The current study showed an inverse relationship between the number of regional hospital beds per 1,000 residents in private sectors and unmet needs for health care in Korea. Our most notable finding is that–net of individual-level characteristics–the experience of unmet needs was higher in regions with the highest level of private hospital beds per 1,000 residents. This contradicts previous studies, which reported a lack of association between supply of health care resources and unmet health care needs [18], [21] or a significant positive association, if any, with health care supply [19].

This is the first study to report the association between unmet needs and regional resources with regard to health care services in South Korea. The strength of our investigation is the simultaneous consideration of individual characteristics and area-level characteristics within a multi-level analytical framework [27]. Our findings prompt careful consideration of the unique history and evolution of policies which determine the supply of medical resources within the Korean health system. The government, at the introductory stage of health supply policies in 1970–80s, instead of investing in public health care sectors, stimulated the private sectors by providing financial subsidies and administrative supports to meet the people’s health care needs rapidly (at the same time increasing the numbers of medical schools and the entrance quota among private universities) [28], [29], [30]. Spurred utilization of medical services by the national health insurance program introduced in 1977, enabled many physician clinics to have inpatient facilities and hospitals which relied on out-patient services for profit by entrepreneurial physicians [28], [29]. In part due to government policies, the number of acute-care hospital beds per 1,000 capita grew to nearly double the OECD average; however, the number declined in all other OECD countries over time except Turkey [31]. In the 2000s, the private sector dominates the health care system in Korea while the role of the public sector is very limited–96% of hospitals and clinics are privately-owned and they account for 90% of beds while the proportion of public hospital beds are about 10% [32].

Moreover, due to ineffective regulations on private hospitals, the Korean health care delivery system has no mechanism for functional differentiation and referral arrangement across levels of the system [28], [29]. Under the supply overflow and the disorganized health delivery system, competition among private hospitals has intensified [28], [29]. As the revenue of most private hospitals is made up almost exclusively of patient care without philanthropic donations or government subsidy [29], they behave as for-profit entities notwithstanding their not-for-profit status in legal terms [29], [31], [32]. They compete through quality of medical services rather than price under the fee-for-service reimbursement scheme [29], [31], [32]. Competition based on quality translates to expansion of specialists, high-tech equipment, and reduced waiting times. The widening gap of quality medical services among hospitals spurred the excessive expansion of private hospital beds. In short, to win the “medical arms race”, private hospitals have competed to have more beds for more financing. They could easily induce the demand of uninsured services and charge higher prices for them than their public sector counterparts. As a result, the average length of stay is one and a half times longer than the OECD average [31]. Precedent studies from other countries and Korea were consistent with our claim that increased competition leads to high hospital costs [33], [34], [35], [36], [37]. In addition, these inefficient behaviors by the hospitals and the high level of out-of-pocket payment caused by low level of national health care coverage in Korea–amounting to 4.6% of household final consumption in 2007, the third highest in the OECD area [31]–has hindered an individual’s ability to meet their medical needs. Consequently, high competition in the regions where hospital beds in private sectors were overflowed has raised medical costs; thus, it might lead to more unmet needs reports by residents under the low level of national health care coverage.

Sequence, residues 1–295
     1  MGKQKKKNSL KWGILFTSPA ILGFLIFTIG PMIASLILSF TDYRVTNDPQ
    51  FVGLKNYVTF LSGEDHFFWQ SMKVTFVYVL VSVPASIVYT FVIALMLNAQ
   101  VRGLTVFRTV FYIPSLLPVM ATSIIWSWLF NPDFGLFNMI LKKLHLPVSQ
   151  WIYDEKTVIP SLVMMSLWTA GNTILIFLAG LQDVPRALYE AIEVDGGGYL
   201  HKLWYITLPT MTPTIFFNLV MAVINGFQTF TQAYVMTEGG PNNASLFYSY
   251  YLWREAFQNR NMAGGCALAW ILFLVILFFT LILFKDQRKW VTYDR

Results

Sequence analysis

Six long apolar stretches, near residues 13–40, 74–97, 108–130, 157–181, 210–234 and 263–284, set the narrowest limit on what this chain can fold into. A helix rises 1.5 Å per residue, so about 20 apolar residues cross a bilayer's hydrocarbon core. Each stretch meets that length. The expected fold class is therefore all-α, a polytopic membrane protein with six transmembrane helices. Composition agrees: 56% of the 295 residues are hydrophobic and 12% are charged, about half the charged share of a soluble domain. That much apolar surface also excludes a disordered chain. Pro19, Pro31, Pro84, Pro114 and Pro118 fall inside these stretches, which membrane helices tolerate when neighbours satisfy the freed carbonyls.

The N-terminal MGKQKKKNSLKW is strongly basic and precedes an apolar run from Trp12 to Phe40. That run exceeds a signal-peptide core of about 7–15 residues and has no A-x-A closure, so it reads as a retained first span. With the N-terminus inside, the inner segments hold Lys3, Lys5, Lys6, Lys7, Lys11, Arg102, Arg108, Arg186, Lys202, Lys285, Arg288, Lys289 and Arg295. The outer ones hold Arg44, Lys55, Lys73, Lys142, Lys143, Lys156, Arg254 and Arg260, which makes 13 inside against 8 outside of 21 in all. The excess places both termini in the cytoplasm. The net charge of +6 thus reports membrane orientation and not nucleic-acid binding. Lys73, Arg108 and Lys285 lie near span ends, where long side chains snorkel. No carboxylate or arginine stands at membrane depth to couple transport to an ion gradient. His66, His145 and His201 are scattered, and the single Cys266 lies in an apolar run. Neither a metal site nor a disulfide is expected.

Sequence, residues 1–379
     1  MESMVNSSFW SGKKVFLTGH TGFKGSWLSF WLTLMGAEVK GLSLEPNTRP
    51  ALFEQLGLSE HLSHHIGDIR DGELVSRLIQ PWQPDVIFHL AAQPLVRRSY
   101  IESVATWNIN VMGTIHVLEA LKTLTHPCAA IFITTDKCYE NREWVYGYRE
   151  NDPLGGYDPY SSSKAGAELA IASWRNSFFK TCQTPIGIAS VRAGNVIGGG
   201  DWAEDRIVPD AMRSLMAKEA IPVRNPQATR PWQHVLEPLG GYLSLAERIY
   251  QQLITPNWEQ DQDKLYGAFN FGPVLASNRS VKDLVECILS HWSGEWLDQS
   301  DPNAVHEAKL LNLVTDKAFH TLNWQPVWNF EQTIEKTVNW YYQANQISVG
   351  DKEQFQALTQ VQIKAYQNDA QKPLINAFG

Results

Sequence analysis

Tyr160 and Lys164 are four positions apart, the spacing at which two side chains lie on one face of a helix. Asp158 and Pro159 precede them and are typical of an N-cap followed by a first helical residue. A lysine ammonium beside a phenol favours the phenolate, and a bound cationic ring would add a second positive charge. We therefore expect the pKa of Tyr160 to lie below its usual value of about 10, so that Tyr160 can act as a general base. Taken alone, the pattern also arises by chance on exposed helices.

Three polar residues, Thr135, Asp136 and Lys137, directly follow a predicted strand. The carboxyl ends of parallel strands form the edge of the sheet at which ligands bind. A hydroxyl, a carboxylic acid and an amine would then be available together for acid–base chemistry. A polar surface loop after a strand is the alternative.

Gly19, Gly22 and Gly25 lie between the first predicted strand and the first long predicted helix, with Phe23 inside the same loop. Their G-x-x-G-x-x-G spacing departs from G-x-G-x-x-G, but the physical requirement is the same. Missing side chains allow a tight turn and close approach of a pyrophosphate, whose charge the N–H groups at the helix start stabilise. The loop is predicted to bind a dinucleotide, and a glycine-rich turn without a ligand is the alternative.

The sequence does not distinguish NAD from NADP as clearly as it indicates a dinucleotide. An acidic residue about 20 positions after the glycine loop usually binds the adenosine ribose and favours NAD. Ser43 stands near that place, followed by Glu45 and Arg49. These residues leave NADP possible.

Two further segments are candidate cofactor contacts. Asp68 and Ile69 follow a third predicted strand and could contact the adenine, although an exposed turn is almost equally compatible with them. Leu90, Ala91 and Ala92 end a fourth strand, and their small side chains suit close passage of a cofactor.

Private hospitals’ creating needs might be another potential mechanism of the paradoxical result. In regions with higher private sector involvement, there might be more advertising and “want creation”, resulting in increased demand and a perceived need of health services. It might be implied that at least some part of the “unmet” need is actually “unnecessary” need (i.e. excessive and unwarranted demand). As some of the medical services were not affordable to some people in the community, perceptions of unmet need might be higher in communities where more private hospital beds exist. This dynamic has certainly been documented when there is an over-supply of physicians, i.e. lots of unnecessary procedures being carried out under a fee-for-service scheme [29], [31], [32], [33], [38].